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Career Schools: Do Some Homework Before You Enroll

A computer training program promised a new future for students who completed its course and obtained certification. Students paid or borrowed thousands in tuition, but then found that classes were postponed, teachers were not prepared, and equipment was out of date. Then the school closed and students found out it was not licensed, so they had no way to get their money back.

A cosmetology student was told that she would have to make up 50 hours of missed class time in order to qualify for her licensing exam. She had to pay several hundred dollars extra. The charges were explained in her enrollment contract, but she had not read it and compared charges with other cosmetology schools before she enrolled.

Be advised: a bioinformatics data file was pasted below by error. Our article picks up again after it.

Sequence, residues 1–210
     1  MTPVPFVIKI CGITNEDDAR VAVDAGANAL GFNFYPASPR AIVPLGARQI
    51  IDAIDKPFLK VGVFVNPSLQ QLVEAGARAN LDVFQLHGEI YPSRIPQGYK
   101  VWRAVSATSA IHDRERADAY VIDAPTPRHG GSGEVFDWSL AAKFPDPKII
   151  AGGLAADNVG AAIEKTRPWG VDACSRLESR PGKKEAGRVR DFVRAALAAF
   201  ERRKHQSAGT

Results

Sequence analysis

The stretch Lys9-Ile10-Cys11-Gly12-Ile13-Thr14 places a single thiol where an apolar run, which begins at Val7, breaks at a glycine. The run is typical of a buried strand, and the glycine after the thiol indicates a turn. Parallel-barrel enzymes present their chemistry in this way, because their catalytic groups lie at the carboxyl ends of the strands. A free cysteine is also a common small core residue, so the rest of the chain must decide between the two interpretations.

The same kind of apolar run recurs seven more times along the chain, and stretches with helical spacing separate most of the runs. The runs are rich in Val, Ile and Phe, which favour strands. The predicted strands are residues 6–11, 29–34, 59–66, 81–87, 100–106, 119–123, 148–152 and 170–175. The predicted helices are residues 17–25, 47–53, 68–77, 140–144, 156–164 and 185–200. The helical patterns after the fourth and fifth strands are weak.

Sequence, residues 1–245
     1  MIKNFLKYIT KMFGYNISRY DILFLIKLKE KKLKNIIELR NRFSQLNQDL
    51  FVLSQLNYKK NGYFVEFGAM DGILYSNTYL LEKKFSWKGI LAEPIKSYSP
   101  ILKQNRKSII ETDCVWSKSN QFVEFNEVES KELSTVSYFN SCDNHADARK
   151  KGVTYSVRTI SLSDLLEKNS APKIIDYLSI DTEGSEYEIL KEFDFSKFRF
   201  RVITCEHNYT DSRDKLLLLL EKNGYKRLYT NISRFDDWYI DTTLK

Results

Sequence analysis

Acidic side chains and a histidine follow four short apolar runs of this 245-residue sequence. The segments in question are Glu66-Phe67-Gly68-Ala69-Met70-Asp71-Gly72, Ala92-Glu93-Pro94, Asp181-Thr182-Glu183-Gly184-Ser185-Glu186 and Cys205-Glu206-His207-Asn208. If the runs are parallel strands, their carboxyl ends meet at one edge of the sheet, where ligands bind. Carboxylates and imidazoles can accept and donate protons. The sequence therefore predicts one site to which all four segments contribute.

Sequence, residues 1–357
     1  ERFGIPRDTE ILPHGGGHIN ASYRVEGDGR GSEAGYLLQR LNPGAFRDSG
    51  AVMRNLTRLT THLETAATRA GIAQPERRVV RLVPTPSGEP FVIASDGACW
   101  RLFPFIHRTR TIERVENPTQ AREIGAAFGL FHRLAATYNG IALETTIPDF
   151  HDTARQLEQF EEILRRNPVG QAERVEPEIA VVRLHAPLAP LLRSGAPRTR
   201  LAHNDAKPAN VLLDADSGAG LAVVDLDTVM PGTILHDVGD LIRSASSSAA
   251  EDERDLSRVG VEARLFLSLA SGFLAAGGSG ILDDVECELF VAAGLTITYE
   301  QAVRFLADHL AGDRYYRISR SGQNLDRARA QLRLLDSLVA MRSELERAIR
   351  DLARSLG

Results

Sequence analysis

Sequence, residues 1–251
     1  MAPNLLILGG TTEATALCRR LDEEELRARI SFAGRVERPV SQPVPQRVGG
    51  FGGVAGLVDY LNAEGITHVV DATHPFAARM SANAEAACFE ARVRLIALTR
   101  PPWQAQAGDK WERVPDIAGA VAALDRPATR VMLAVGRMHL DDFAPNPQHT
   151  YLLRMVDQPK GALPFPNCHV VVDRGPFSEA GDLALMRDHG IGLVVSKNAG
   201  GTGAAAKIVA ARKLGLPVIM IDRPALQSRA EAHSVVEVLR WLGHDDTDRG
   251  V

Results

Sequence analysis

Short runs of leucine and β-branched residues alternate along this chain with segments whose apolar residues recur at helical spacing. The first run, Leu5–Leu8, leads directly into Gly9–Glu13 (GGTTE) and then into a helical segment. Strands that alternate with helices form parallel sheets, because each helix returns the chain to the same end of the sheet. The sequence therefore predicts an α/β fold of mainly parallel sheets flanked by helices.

If you are considering enrolling in a career school, also known as a trade or vocational school, choose carefully. While some of these schools can prepare you for a new career, others will just put you in debt.

In some cases, career schools promise they'll train and find jobs for all students who enroll. They help students secure federal education loans to cover tuition. The schools then provide worthless training and fail to find the student a job. But the student still must repay the loan.

What to Look for

Before you choose a school, take the time to research your options. You will be spending hundreds to thousands of dollars, so making sure that the school you choose will give you the training you need will be time well spent.

First, talk to people employed in the field you're interested in and find out what type of training you need and what type of equipment you should be trained on. Ask how long a program should be to cover the material fully. For example, some schools now offer computer certification courses that are as short as five days. For many people, a five-day training course will not prepare them to pass a certification exam or qualify for employment. Ask someone in the field what they think.